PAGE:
Doing Our Bit for Liberty in Nepal
By Riya Basnet
South Asia Women For Liberty (SAWFL) conducted a workshop on “Women and Liberty” to connect women with an organization that can help them commercialize their ideas. We have successfully connected 15 women from Mahendranagar to organizations such as Seva Nepal and Krishi Club that now provide skills, training, and assistance in making a living.
At a secret meeting place in called Jitpur, we held our first workshop on April 9, 2015 with 35 participants. The prime goal of our workshop was to inspire these young ladies to empower women and change society.
The workshop began with an introduction to SAWFL and sharing success stories of our recent project development. The second session was followed as a discussion where some women came forward to share their experiences.
One among them was 32-year old Shanti Mallaha who has been running a small liquor shop after the death of her husband. She sales are good, but most nights a few cops hang around and take liquor without paying. This caused her to lose $3, which she says is equal to half of the monthly cost of caring for her child. Shanti could neither complain nor could she speak a word against them.
Thirty-six year old Munni Mallaha added by saying, “Rudeness and abuse of authority are the general traits of these officials. I have gone to the authorities to get my national identity card, but every time I go they ask me for $5. I earn $2 to $3 per day and if I give them $5, my family will starve the next two days.”
There are so many women who are facing similar problems. These women have to wait for the right season to earn a living. Fisherwomen have to wait for the rainy season and during the summer they grow and sell vegetables. Nevertheless, they are happy with the work they are doing.
Most of them said that working illegally, without asking permission from the authorities to fish in the river is much better than working legally. Working informally has led to happiness while working formally has caused them to spend more money. Now, they simply hope that they won’t ever get caught and never have to go to the officials for any legal action.
These women and their female ancestors from time immemorial have been living on land that they are not allowed to own. If they ask the authorities about getting title in their names, they are told to leave the land and go somewhere else. At the moment their main fear is that one day the land will be taken away from them with no hope of restitution.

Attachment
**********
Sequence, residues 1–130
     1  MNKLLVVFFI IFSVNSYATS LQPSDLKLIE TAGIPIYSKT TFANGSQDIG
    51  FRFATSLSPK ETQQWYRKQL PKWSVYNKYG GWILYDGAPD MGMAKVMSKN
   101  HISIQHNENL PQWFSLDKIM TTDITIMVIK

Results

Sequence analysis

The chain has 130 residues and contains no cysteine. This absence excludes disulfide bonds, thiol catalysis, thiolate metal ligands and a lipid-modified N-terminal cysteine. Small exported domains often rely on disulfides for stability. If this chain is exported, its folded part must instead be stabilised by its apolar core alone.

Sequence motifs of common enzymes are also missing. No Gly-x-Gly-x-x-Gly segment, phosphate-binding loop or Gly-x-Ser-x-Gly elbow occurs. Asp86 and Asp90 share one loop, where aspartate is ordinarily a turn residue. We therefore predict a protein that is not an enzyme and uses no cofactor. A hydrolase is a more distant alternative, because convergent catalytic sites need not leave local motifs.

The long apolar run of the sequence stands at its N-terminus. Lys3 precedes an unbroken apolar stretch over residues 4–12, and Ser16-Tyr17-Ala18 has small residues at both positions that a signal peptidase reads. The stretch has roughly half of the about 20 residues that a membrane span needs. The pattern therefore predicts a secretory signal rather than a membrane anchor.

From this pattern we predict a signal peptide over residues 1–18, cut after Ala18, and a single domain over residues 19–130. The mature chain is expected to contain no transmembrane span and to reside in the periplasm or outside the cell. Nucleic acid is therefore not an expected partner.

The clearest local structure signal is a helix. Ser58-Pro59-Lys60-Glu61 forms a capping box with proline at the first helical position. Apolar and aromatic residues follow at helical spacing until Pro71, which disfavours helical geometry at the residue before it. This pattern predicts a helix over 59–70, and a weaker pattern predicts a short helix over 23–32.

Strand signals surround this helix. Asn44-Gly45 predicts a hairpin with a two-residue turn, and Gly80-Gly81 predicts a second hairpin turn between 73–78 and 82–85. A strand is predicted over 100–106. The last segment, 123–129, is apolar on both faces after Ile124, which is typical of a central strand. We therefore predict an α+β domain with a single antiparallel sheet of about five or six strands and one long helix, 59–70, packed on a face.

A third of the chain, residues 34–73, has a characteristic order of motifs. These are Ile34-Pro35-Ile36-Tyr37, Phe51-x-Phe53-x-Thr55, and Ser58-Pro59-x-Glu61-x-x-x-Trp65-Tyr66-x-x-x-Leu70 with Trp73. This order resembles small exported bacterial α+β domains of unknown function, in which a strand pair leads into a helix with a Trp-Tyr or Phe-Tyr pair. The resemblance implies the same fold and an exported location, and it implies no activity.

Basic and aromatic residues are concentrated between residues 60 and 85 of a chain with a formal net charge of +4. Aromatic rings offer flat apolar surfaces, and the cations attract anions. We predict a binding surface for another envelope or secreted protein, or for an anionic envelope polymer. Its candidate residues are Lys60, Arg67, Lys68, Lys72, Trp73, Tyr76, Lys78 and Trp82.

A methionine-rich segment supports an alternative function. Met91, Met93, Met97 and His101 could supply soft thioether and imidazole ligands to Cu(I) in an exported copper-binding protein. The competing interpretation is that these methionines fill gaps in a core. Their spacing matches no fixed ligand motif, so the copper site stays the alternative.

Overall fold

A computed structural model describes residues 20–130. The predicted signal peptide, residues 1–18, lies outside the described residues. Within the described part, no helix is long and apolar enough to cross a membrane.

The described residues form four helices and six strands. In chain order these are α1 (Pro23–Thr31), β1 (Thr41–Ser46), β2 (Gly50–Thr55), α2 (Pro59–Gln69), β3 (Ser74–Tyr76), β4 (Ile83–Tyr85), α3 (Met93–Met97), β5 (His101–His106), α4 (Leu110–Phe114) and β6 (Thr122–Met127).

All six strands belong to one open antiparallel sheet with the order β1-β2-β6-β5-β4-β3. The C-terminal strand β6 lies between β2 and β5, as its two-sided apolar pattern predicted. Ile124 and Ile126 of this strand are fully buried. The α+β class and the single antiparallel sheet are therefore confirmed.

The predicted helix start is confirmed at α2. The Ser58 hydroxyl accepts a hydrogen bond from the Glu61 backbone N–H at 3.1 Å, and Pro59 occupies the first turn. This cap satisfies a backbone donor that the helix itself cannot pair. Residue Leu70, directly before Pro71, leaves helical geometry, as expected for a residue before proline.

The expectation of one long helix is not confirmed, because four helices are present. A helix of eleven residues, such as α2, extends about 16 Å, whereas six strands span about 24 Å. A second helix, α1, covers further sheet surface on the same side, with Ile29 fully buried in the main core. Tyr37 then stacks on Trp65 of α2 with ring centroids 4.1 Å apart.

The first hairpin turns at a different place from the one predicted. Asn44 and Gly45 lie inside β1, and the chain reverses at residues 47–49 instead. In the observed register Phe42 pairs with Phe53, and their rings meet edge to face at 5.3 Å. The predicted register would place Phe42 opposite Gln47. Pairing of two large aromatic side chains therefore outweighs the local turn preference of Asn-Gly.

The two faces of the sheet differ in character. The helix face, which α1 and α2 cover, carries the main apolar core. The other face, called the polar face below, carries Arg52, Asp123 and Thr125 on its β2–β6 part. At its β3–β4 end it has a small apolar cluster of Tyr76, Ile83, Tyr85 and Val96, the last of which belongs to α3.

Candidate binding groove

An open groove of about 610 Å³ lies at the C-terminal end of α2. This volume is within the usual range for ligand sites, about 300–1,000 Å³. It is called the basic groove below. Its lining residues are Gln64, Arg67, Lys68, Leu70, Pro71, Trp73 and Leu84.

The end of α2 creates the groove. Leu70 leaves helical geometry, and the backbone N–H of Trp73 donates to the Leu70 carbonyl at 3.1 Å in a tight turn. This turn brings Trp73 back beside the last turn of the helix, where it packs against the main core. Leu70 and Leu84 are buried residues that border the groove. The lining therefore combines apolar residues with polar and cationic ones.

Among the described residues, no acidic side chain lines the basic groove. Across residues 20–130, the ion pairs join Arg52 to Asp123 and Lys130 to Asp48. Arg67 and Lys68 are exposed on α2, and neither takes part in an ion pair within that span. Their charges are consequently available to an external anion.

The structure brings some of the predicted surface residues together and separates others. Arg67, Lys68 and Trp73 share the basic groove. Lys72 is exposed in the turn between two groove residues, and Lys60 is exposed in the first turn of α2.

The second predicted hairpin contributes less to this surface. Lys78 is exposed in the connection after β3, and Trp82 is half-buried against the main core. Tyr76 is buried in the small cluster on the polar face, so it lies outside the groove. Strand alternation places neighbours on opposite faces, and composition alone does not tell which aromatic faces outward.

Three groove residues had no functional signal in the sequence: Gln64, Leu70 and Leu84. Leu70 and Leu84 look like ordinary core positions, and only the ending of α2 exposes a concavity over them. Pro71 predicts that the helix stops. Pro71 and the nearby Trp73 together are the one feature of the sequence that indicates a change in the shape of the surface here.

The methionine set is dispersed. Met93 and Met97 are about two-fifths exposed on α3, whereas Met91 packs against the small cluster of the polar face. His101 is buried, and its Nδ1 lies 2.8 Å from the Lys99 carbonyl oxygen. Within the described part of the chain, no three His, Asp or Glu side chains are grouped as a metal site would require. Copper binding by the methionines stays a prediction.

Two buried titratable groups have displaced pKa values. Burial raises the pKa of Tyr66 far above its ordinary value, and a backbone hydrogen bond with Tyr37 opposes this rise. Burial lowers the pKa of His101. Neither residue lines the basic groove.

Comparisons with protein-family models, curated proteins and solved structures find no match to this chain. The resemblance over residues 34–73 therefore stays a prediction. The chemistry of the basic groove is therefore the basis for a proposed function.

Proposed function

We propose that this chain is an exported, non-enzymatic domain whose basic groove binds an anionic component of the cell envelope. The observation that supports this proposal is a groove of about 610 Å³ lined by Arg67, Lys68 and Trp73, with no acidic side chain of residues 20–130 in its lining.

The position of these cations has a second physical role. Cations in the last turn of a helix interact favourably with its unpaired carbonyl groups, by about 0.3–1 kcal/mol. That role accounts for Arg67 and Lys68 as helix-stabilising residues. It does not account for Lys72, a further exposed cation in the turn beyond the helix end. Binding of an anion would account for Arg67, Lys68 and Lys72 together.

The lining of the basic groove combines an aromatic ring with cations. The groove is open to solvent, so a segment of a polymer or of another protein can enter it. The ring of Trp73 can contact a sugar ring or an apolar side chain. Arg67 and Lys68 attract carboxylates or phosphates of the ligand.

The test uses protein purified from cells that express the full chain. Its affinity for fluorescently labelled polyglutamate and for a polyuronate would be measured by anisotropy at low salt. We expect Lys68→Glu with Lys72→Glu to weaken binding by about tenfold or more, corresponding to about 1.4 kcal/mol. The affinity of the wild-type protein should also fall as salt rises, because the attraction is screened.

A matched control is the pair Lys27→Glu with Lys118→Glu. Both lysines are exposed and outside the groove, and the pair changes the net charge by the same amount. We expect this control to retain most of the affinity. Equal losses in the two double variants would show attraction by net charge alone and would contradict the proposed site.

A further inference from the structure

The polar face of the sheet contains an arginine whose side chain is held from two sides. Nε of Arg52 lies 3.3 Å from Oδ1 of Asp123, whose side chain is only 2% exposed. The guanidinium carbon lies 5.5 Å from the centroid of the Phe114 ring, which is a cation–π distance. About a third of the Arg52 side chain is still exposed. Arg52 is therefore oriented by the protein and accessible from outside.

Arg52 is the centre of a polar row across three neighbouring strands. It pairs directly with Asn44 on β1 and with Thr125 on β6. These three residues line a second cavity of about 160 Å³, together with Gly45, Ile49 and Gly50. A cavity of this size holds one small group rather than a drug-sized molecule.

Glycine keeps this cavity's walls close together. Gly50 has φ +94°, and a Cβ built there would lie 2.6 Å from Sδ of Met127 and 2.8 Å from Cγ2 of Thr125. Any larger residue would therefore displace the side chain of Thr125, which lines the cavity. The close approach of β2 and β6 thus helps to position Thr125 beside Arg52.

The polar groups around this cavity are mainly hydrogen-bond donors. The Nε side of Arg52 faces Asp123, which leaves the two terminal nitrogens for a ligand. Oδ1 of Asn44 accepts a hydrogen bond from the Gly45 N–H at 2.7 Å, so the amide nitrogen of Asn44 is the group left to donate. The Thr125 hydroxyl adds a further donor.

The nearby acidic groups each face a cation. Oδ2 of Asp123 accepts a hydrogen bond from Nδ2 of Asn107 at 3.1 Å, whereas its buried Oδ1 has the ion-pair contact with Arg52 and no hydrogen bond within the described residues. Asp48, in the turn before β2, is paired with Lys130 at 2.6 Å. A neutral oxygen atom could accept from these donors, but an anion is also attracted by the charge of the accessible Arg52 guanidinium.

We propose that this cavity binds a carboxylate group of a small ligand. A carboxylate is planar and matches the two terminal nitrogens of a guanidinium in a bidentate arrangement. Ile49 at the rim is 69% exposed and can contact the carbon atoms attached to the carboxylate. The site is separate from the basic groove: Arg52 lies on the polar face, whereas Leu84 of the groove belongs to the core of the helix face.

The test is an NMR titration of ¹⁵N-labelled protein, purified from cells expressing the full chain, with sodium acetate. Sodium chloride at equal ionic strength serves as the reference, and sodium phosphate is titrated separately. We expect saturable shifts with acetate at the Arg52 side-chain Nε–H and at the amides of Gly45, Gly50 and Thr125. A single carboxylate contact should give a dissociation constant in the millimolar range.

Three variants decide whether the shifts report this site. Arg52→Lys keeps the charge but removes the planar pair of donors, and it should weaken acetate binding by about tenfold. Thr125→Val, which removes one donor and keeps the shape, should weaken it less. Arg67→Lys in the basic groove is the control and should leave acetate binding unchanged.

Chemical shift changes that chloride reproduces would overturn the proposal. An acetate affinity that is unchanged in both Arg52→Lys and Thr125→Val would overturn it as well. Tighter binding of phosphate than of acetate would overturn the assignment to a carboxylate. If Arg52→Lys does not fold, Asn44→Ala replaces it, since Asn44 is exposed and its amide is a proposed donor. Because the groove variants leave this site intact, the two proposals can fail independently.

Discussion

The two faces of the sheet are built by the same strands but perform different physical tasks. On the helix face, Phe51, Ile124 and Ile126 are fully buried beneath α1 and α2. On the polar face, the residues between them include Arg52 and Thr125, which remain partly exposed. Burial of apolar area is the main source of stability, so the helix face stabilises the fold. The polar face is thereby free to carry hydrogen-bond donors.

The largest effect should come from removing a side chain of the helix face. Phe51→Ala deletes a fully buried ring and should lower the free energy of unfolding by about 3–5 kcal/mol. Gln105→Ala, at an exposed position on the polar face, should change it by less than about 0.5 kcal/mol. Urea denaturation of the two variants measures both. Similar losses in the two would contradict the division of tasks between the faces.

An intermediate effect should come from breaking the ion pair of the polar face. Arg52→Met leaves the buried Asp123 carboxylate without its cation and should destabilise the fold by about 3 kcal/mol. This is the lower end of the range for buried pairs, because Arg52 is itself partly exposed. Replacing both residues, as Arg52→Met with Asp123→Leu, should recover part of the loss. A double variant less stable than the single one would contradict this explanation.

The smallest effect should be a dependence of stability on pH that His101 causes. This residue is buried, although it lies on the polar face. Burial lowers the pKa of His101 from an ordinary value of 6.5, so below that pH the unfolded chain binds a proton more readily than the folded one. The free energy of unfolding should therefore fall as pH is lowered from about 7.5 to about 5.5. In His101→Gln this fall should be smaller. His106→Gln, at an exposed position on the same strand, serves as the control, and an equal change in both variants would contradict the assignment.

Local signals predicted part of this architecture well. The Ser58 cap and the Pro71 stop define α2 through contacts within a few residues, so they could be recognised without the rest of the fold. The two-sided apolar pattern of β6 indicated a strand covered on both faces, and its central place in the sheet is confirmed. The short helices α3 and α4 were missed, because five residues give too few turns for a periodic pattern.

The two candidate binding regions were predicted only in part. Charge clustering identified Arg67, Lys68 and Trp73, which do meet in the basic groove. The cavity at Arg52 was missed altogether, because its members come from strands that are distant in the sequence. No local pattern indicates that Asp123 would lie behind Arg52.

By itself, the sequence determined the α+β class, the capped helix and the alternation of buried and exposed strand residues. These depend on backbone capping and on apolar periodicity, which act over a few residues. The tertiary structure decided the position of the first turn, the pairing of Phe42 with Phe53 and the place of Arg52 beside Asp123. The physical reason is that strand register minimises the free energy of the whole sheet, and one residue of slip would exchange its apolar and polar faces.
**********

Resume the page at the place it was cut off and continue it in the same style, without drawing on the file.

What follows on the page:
We discovered during the workshop that it is not only the authorities who restrict the women, but it is sometimes the women themselves who don’t take the necessary steps toward empowerment. They remain dominated by the social norms and the culture they have been following. In this community a newlywed woman isn’t allowed to walk outside of her home for the first year of her marriage.
Also she isn’t allowed to remove her veil in front of any male other than her husband. These women loathe the culture, yet they don’t act against it. They blindly believe that if they go against custom, they will face brutal consequences from the Almighty.
We felt somewhat powerless and were unable to answer their questions on how our organization could help to get their homes back. All I could reply was that I will share their stories with the larger public. I believe that awareness is the best beginning for taking action against such happenings.
Therefore this is SAWFL’s small effort to support these women and we hope with our full dedication we shall contribute more in the days to come.
Riya Basnet is founder and member of the Executive Board of the Students for Liberty of South Asia, and founder of South Asian Women for Liberty (SAWFL). SAWFL is an organization in rural Nepal that works to promote entrepreneurship and economic freedom where women are excluded from legal rights. Riya is currently founding a microbank to serve women who have been excluded from normal economic activity because they are prohibited from holding property and national identity cards. She is also the Goodwill Ambassador at Rakshya Nepal, an organization that works to advocate for legal status of women who freely choose to earn a living in the business of sexual services.
Update on Nepal Earthquake:
Dear All, I just got back home safely from safety shelters. The situation is very very pathetic out here. We are trying to distribute masks and mineral water to the affected people! Currently, Students for Liberty, along with the Youth Thinkers Society, distributed some masks and we have been trying to get some medical help from a local pharmaceutical company. Given the large number of victims, what we are doing is very minimal but we are trying to do more.
It is heart wrenching to helplessly see people cry for help. The major focus has been on giving to food and accommodation, but we see from the close proximity there is a high risk of an epidemic outbreak given the situation of toilets, washrooms, and people tending to use open spaces to urinate and defecate.
We are trying to launch a campaign to distribute masks and disinfectant powder to clean toilets that can help very much to improve the health of suffering people.
Also if we see through the density of people living outside in the shelters or on the roads, there is more risk of communicable disease. Even though swine flu has been overshadowed by the earthquake, we shouldn’t neglect that.
I have invested some on my side and we are looking for ways to generate some funds for the affected people. Please help us. Let us all work together in days like this.
I hope for your positive response.
Liberty Love, Riya Basnet